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the heat has soot in it

edwardk
edwardk Member Posts: 1
last year we had a new bryant oil fired heater,coil and a riello burner,ever since we notice a very fine soot in the air and as soon as you open the basement door you can smell the fumes A few years back a tech was doing annual maintenance on the old carrier and had told us that there wasn't enough draft but we never did anything about it,but we never had a pro lem till we got the new heater.The installer thinks it is normal but we know it's not,he must just be stumped Any ideas or suggestions will be appreciated

Comments

  • Steamhead
    Steamhead Member Posts: 14,844
    edited December 2011
    CALL A REAL PRO NOW!

    You have a dangerous situation there. There should not be any soot in the first place, and if there is it should be going up the chimney- NOT into the basement!



    For an example of what can happen, go here:



    http://www.heatinghelp.com/forum-thread/139264/No-permits-No-combustion-test



    Use the Find a Contractor page of this site- click on Find a Contractor above and follow the instructions. Don't wait another second.



    And check back with us to let us know you're OK.
    All Steamed Up, Inc.
    Steam, Vapor & Hot-Water Heating Specialists
    Oil & Gas Burner Service
    Consulting
  • STEVEusaPA
    STEVEusaPA Member Posts: 5,318
    Never, never, never......

    is soot normal....or the smell of oil.  Time for a new tech/company.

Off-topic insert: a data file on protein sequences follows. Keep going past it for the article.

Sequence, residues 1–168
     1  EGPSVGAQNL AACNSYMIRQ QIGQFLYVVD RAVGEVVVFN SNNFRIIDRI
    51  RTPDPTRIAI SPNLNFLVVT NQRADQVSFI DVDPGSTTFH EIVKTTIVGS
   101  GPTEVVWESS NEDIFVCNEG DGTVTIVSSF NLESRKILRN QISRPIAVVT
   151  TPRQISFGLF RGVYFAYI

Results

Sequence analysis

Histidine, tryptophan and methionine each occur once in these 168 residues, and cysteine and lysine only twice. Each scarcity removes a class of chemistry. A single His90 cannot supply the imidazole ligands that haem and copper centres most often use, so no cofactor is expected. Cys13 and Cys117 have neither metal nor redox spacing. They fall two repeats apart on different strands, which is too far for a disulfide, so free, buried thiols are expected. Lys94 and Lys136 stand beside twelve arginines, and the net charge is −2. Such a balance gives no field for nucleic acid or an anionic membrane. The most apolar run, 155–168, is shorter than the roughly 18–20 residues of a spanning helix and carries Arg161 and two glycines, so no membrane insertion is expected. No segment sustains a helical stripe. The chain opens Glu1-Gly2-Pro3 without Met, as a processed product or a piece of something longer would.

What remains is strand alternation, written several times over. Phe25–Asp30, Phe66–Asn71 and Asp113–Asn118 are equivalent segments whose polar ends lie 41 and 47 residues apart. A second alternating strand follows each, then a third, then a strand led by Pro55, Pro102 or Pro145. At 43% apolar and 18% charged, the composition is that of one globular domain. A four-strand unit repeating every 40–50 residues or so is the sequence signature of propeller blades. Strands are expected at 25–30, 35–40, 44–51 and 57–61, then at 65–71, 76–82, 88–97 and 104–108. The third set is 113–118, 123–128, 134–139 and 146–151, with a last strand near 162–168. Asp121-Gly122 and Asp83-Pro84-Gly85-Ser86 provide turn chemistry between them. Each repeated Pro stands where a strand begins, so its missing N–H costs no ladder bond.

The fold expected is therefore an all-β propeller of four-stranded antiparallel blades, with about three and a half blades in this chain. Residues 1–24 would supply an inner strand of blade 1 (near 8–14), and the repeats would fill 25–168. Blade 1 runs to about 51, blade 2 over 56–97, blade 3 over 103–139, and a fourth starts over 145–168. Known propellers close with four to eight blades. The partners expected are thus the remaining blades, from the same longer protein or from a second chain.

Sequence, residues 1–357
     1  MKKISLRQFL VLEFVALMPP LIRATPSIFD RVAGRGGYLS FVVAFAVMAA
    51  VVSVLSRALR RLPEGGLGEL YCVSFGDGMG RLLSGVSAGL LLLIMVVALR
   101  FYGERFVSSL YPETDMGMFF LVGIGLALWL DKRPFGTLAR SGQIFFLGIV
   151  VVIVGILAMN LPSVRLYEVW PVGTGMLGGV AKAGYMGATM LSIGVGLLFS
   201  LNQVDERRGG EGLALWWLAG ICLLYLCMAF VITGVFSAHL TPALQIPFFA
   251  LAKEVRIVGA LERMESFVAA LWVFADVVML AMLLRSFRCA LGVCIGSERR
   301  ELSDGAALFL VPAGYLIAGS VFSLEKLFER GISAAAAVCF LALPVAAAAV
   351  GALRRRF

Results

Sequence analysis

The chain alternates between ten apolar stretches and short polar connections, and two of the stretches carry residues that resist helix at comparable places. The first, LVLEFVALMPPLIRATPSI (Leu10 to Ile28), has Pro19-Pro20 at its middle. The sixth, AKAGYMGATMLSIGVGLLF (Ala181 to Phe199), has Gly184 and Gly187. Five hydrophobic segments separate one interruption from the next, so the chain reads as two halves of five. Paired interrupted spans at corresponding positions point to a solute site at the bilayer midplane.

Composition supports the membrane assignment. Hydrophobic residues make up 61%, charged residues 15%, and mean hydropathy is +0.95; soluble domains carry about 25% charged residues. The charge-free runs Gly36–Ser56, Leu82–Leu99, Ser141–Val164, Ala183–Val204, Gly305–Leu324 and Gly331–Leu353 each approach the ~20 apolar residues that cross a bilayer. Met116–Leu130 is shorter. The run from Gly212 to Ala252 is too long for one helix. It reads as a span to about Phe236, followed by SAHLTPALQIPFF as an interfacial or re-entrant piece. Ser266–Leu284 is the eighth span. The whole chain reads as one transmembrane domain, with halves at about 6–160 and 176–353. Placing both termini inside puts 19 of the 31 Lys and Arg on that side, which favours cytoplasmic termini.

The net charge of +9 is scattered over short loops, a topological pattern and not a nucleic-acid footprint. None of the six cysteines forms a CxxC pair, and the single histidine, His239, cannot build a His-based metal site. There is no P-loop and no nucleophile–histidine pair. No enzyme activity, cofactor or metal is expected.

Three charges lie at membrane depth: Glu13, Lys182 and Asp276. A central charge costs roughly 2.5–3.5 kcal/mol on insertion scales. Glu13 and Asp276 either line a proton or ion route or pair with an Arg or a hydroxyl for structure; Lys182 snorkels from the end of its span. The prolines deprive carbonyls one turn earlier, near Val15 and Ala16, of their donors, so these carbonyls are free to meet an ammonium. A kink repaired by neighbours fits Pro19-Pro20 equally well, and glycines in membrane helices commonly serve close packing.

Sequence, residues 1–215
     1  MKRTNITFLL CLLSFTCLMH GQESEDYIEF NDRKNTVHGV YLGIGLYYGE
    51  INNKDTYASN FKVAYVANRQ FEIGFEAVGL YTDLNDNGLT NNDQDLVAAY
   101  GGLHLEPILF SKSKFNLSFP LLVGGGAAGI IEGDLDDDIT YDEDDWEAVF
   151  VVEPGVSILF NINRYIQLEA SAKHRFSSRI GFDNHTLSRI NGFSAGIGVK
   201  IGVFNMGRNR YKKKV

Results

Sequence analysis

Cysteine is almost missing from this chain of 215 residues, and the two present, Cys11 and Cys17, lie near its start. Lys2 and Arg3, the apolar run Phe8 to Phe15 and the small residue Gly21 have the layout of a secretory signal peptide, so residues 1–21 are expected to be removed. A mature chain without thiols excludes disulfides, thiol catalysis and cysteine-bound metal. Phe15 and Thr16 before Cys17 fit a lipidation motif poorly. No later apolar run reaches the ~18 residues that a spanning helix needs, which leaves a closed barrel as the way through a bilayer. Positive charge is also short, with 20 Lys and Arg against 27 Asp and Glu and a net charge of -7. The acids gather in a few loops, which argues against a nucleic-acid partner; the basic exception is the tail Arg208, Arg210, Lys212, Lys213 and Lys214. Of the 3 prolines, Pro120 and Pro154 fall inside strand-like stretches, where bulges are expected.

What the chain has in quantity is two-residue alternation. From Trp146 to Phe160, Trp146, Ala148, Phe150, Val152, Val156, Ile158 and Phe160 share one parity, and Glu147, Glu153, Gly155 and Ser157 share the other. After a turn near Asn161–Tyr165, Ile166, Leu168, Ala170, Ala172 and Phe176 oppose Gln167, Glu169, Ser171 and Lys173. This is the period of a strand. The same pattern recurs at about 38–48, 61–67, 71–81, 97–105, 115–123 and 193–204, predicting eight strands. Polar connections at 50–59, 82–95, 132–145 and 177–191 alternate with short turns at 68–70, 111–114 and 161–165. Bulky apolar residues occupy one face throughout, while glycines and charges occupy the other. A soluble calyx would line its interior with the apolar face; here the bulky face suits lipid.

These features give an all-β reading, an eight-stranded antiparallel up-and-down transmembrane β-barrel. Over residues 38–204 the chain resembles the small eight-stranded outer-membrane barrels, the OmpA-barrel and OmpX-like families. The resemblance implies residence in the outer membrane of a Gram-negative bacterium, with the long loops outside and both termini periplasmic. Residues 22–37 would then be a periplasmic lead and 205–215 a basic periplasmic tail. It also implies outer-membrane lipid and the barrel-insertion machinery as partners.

When the new furnace was installed, did the tech do a complete combustion analysis?  And if the draft was bad, did they just throw their hands up in the air and leave?

    Here's a few, but not all, ideas about 'soot in the air'

    1. Cracked heat exchanger.  Although not likely on a new furnace, should still be checked.

    2. Cleanout ports not sealed tight, gasket broken, loose, or missing.

    3. Incomplete/incorrect combustion--can be remedied with analyzer (wrong/bad nozzle, wrong/bad pump pressure, etc).

    4. Not enough air for combustion, along with, open return in the basement, sucking the fire out, and soot into the return.

    5.  Draft.  When the new furnace was installed, did anyone inspect the chimney, or install a liner?  Things couldve been fine initially, and now something could be blocking the chimney.  In the Philadelphia area, this year, seen alot of chimney problems.  Wonder if it was earthquake related, or the ridiculous amount of rain this spring/summer/fall, or both.

    You really have to get the installer back there, and tell him to bring someone who knows what they're doing (learning opportunity), or find someone who is very competent to troubleshoot/remedy the problem(s).
    steve
  • PeterNH
    PeterNH Member Posts: 88
    edited December 2011
    Sad

    This a very sad.

    I know of the company and 20+/- years ago they did a some excellent work for a business i ran.  Top shelf all the way.  Not stupid, as far as i knew, anyway.

    Very sad to hear of something like this.

    Makes me wonder if there is more to this story that we have read.





    Peter
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